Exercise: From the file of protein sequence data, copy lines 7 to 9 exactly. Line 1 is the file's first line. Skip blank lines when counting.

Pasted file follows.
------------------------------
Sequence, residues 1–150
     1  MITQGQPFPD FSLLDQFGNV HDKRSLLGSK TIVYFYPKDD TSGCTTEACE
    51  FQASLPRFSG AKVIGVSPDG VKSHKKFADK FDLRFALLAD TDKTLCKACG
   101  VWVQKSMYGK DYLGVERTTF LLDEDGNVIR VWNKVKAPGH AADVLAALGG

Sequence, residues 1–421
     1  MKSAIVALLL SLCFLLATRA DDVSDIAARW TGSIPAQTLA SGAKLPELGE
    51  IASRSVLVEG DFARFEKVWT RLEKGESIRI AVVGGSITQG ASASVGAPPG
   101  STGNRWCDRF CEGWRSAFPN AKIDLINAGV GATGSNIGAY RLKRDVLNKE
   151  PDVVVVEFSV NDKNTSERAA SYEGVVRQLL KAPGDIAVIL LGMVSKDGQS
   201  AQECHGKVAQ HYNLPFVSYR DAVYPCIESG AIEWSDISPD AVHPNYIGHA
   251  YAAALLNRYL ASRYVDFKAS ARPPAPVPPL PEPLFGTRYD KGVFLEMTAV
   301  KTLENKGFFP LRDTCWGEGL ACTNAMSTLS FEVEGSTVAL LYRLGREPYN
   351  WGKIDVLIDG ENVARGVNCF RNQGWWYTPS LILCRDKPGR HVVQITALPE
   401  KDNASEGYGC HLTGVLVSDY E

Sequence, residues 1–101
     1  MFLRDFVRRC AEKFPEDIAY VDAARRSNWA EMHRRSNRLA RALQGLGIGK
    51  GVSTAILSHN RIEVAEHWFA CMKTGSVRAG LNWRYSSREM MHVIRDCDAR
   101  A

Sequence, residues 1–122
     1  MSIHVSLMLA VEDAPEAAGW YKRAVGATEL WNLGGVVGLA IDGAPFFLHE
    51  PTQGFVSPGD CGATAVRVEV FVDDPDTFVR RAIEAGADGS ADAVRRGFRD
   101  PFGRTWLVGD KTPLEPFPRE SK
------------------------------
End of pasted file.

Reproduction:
    51  IASRSVLVEG DFARFEKVWT RLEKGESIRI AVVGGSITQG ASASVGAPPG
   101  STGNRWCDRF CEGWRSAFPN AKIDLINAGV GATGSNIGAY RLKRDVLNKE
   151  PDVVVVEFSV NDKNTSERAA SYEGVVRQLL KAPGDIAVIL LGMVSKDGQS